6. The plaintiff objects to this paragraph but also admits it. Plaintiff's Responsive SMF ¶ 20.

7. The plaintiff objects to this paragraph of the defendants' statement of material facts as "not supported by the citation," Plaintiff's Responsive SMF ¶ 21, but review of the authority cited by the defendants reveals that it does support the paragraph, as modified in the text above, Continued Deposition of Angela Theriault (Docket No. 47) at 22-23. The objection is overruled.

8. The plaintiff objects to this paragraph of the defendants' statement of material facts "to the extent that paragraph 25 is a legal conclusion," but also admits it. Plaintiff's Responsive SMF ¶ 25.

9. The plaintiff "acknowledges that the Equal Protection Violation claim does not survive against the School Defendant, and is addressed in the Section 1983 claim against individual Defendant Nye." Plaintiff's Opposition to Defendant University of Southern Maine's Motion for Summary Judgment ("UMS Opposition") (Docket No. 67) at 23. I take this statement as an admission that all three defendants are entitled to summary judgment on Count VI, and I agree. I will not consider Count VI further.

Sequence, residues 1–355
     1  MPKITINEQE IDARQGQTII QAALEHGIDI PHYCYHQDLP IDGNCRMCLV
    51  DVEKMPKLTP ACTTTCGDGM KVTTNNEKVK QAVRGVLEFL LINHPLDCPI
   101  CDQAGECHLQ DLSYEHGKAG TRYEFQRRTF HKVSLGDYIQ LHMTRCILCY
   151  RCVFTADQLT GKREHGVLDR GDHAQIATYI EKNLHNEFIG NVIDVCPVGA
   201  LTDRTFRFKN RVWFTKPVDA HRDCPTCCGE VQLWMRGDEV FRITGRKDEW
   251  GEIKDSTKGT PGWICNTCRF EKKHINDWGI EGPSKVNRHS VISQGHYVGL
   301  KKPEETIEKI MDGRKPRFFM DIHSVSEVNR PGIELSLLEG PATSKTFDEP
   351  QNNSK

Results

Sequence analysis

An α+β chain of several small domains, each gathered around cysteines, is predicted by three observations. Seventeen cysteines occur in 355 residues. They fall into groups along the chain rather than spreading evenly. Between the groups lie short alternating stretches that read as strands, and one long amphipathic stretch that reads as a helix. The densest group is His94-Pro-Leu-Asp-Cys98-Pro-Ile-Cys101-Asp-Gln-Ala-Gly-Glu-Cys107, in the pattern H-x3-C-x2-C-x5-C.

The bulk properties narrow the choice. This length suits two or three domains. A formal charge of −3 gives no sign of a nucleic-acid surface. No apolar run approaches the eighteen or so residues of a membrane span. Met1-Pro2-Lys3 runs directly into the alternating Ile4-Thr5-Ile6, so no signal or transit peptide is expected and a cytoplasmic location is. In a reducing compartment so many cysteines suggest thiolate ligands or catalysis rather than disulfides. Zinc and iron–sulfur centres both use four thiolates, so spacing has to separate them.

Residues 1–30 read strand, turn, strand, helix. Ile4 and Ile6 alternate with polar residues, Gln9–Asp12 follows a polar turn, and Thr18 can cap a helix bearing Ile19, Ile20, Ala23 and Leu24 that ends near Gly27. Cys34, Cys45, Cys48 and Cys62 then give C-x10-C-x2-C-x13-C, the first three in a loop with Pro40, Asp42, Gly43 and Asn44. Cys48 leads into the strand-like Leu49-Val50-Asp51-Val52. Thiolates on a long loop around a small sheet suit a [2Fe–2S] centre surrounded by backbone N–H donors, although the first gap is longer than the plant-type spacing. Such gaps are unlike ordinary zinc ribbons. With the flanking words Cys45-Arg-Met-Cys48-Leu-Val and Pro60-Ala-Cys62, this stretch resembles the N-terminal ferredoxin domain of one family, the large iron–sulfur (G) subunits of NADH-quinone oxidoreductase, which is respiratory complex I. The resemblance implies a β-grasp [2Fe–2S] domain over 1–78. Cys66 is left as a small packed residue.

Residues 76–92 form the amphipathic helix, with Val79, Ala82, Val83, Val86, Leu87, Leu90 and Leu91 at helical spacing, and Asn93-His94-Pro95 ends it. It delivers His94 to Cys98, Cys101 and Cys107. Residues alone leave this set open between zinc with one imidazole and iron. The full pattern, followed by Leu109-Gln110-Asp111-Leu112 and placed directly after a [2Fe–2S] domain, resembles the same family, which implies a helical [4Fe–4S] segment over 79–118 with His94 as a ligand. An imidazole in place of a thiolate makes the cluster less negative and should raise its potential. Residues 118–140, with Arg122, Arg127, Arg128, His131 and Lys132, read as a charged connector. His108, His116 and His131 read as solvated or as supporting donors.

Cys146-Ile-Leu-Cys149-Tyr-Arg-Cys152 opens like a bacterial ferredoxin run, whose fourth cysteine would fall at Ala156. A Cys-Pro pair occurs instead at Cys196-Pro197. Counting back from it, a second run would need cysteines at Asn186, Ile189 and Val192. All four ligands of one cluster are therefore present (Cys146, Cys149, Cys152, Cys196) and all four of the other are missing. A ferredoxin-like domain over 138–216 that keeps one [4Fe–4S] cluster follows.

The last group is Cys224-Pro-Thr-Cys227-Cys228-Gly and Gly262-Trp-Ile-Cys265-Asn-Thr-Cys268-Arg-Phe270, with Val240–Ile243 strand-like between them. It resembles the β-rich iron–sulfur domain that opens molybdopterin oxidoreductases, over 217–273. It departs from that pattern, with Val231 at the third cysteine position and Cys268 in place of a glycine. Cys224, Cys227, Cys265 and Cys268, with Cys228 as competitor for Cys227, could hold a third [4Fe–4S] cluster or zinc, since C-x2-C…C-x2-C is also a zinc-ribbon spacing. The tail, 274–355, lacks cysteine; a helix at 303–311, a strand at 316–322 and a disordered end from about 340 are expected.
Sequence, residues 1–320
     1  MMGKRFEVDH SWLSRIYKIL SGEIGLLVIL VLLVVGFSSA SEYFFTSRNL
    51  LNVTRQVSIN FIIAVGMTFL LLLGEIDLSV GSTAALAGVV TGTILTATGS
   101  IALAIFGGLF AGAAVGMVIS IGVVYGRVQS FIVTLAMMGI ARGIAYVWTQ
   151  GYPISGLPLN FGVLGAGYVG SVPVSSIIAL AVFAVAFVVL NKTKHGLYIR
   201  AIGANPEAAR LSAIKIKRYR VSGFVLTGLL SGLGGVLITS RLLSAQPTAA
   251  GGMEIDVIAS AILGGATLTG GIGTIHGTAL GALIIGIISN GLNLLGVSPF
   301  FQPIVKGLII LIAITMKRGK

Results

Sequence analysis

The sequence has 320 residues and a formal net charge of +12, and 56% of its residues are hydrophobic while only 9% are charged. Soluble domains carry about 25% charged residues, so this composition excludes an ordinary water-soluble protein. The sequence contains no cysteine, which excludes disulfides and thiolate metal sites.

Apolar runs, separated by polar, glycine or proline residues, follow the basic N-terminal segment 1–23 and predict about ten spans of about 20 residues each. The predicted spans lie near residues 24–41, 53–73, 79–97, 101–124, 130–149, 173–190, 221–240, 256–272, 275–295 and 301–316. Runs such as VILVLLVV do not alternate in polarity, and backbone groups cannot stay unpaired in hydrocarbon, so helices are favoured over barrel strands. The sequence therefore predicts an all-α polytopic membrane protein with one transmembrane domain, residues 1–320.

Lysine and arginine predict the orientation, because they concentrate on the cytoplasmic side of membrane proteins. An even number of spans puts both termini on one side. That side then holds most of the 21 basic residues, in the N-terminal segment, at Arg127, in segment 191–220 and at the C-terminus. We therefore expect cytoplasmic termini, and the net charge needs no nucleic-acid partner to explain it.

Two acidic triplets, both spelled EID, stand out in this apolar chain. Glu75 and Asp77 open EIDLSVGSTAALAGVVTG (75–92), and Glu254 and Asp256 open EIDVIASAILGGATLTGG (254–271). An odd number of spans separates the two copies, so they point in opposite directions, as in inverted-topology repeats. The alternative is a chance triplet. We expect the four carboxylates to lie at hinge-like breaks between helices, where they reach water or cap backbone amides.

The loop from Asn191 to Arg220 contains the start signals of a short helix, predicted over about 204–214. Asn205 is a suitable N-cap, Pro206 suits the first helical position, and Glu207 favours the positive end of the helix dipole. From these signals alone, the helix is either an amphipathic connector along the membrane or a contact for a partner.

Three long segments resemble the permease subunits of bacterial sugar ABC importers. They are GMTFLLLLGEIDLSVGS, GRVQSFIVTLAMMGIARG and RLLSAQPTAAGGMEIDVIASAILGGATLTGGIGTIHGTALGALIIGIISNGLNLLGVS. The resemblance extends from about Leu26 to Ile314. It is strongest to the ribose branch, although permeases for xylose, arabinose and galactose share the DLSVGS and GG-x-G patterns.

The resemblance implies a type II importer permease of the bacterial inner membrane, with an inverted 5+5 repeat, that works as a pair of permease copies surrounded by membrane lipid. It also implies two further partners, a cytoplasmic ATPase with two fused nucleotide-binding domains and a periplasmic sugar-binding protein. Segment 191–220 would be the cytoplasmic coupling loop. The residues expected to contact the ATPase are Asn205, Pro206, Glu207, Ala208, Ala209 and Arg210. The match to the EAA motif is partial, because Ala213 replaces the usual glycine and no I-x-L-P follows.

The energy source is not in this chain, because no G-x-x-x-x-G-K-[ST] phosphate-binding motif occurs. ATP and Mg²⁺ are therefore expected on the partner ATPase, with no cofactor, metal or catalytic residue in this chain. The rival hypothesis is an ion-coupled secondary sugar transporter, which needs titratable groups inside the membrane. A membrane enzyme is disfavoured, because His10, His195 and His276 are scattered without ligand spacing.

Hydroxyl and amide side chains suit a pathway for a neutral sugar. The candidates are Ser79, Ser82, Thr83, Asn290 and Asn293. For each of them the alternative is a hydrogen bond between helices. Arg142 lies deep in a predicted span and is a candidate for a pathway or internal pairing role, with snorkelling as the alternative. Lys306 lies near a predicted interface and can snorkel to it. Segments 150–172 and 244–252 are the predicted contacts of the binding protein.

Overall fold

10. Contrary to the plaintiff's argument, unsupported by citation to authority, UMS Opposition at 13, the fact that the University of Southern Maine provided her with what she characterizes as "procedural rights" with respect to the hearing does not and cannot mean that she thereby became entitled to the full panoply of due process rights under the Constitution. The plaintiff also contends that she was entitled to due process protection in connection with the Committee hearing because "it is almost a foregone conclusion that an adverse decision to an alleged victim will have significant impact on a victim's property and liberty interests." Id . That is not a "foregone conclusion" at all, but, even if it were, the argument is based on a basic misunderstanding of constitutional law. It is the potential for injury to those interests at the outset of the proceeding at issue that governs the availability of due process protection, not the subjective effects suffered after the proceeding by the alleged victim.